Because of his appeal to whites, some call him "post-racial," this man, Obama, who didn't run as a black president, whose mother is white. Yet people still call him the first black presidential nominee. "Post-racial" meets the "one-drop rule" from the days of Jim Crow?
Race gets elastic that way -- stretched well beyond the truth some years ago when Toni Morrison called Bill Clinton the country's first black president. It insulted some black men, being compared to Clinton and his misdeeds. But the words stuck. Pretty or not.
In January, during a debate, someone asked the question of Obama: "Do you think Bill Clinton was our first black president?"
"Well," said Obama, pausing as the audience chuckled, "I think Bill Clinton did have an enormous affinity with the African American community and still does. That's well earned."
But months later, after lots of black folk felt the former white president was race-baiting, his "black president" title was revoked.
Now, the title is poised to be passed on, to Obama.
* * *
Everybody knows there are no guarantees in politics. But this "black president" idea is electrifying fodder for thought.
There is Artis Allen, 74, a retired meat cutter, leaning against a rail at a post office in Silver Spring, pondering those words -- black president -- and reflecting on his childhood.
"Black president? No, not then. When I grew up in Georgia, it was very prejudiced. I remember a man who ran for governor. He said he did not want a black vote. Black people couldn't vote too much anyhow. I was 13 and my daddy wasn't a politician, but that was his main conversation: politics."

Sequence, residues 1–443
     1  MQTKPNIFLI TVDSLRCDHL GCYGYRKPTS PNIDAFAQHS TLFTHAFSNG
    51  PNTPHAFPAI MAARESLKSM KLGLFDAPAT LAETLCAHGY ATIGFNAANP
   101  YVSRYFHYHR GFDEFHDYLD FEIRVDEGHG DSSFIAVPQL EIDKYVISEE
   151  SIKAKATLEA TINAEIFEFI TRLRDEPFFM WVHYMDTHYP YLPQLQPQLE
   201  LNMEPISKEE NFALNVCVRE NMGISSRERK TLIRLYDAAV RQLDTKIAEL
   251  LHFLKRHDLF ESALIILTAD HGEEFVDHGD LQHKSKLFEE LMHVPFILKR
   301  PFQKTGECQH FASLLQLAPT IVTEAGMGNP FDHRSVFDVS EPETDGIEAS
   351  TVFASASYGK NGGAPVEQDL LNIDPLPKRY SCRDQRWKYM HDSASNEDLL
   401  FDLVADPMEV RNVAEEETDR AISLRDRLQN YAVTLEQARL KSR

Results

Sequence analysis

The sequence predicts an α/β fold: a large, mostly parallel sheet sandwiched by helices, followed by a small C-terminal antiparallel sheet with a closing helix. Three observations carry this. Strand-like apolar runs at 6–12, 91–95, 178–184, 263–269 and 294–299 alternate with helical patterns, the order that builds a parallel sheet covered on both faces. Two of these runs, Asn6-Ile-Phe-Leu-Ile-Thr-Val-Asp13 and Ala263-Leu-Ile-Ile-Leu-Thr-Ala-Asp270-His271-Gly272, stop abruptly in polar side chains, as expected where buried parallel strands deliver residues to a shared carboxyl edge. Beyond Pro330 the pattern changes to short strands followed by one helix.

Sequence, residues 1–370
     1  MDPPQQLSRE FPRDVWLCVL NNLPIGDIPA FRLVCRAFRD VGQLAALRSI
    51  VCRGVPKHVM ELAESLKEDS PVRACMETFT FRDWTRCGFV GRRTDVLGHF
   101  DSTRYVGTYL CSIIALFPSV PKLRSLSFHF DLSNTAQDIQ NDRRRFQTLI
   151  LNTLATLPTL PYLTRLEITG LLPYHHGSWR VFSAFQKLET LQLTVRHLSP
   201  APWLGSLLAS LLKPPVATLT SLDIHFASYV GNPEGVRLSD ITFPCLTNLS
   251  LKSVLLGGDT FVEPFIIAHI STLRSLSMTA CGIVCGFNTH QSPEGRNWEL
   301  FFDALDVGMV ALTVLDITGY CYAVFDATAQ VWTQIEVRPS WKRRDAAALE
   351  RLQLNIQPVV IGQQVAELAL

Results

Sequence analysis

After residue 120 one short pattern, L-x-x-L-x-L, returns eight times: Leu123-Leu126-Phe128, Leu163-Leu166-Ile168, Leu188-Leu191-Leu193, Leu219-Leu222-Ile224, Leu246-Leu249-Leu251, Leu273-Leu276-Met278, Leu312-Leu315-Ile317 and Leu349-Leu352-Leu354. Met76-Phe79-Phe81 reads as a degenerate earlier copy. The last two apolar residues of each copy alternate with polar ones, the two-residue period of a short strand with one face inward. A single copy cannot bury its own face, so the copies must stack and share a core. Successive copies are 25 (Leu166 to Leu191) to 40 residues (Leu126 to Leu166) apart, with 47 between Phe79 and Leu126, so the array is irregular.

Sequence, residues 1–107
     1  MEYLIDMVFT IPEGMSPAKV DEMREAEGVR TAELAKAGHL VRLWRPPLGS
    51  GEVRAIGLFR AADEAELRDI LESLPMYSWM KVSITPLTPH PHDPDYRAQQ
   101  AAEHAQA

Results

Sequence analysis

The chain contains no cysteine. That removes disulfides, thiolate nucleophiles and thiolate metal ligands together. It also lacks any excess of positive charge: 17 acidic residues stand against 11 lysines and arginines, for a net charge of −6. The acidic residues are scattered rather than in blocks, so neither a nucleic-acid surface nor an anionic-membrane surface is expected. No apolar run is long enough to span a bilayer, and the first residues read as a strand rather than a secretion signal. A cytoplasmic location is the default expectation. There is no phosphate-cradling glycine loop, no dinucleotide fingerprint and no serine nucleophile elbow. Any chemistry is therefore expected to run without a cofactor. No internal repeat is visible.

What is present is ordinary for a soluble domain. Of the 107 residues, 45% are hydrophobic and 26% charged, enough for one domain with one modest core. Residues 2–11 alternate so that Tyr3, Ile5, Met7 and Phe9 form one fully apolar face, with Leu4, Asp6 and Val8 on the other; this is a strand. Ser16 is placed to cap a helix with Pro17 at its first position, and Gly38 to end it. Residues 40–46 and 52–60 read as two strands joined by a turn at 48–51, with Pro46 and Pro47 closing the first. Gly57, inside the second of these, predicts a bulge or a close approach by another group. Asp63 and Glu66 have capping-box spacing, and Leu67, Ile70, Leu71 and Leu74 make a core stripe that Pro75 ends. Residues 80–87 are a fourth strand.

"Black president," Allen repeats. "What surprises me is white people are voting for a black man just as much as black people. That is what really amazes me."
Down the street, the words "black president" stop Ali Salaam, 32, a barber who, like Allen, is black.
"Black president, what does it symbolize?" Ali says. "Elite status, the best of the American dream. That's what it evokes for me. I love it. I always believed it could happen. I didn't think I would see it happen in my lifetime. But once I heard him speak, I believed it. When I heard him speak, it reminded me of King, Du Bois, Malcolm X. It was entrancing."
Steven Warren, 16, a junior at Archbishop Carroll High School, says the words are "revolutionary. I didn't think it would happen while I was in my prime. I thought it would happen when I was in my 60s."
"You can take the black out and he still would be president," says the young black man.
Up the street you go, carrying the words, black president. The words stop at the feet of Tommy Thayer, 30, a tattoo artist. "It's a damn shame there hasn't already been a black president as far as I'm concerned," Thayer says. "We are so used to all the presidents being all whites and all men. That's like telling everyone we are a racist nation. I think people are robbing themselves if they don't get to know other cultures."
Thayer describes himself as "all white, 100 percent white, Irish, Italian if you want specifics. . . . He's going to win. I'm almost positive. I can feel it. We are going to have a black president."
Well, for now, a black presidential nominee.